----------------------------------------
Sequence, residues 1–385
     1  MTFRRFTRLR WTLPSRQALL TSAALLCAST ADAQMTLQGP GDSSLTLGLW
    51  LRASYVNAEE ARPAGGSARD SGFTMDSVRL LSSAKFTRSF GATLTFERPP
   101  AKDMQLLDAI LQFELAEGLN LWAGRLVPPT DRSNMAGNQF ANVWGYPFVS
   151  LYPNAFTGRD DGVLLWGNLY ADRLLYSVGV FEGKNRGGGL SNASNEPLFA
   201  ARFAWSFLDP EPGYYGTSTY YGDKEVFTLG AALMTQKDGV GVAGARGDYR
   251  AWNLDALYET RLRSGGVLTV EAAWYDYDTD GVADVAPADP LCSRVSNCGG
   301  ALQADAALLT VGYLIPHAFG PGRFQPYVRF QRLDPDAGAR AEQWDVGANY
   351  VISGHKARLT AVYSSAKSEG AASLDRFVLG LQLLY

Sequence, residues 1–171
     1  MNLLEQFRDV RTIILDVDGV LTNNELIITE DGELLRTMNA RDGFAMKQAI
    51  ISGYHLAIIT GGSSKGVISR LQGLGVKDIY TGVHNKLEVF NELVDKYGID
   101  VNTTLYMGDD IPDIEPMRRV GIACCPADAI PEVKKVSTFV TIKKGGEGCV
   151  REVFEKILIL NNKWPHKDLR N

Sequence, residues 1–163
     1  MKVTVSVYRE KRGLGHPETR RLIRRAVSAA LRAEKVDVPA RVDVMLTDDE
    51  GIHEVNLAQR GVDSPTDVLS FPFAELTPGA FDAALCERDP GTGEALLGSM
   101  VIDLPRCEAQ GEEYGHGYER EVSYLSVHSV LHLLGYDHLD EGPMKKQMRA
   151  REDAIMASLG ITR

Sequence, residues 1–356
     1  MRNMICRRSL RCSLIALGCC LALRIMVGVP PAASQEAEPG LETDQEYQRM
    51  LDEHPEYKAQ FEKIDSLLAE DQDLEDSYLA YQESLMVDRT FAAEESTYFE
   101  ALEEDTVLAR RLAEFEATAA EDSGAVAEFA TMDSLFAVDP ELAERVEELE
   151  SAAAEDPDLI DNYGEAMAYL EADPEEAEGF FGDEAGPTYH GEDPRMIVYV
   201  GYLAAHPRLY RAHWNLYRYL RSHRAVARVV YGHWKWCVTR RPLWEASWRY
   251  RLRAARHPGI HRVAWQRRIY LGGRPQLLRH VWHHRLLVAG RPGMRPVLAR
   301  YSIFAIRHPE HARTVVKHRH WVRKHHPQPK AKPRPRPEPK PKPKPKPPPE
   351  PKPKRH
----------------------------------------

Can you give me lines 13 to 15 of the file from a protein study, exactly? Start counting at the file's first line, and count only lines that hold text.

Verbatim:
   101  VNTTLYMGDD IPDIEPMRRV GIACCPADAI PEVKKVSTFV TIKKGGEGCV
   151  REVFEKILIL NNKWPHKDLR N

Sequence, residues 1–163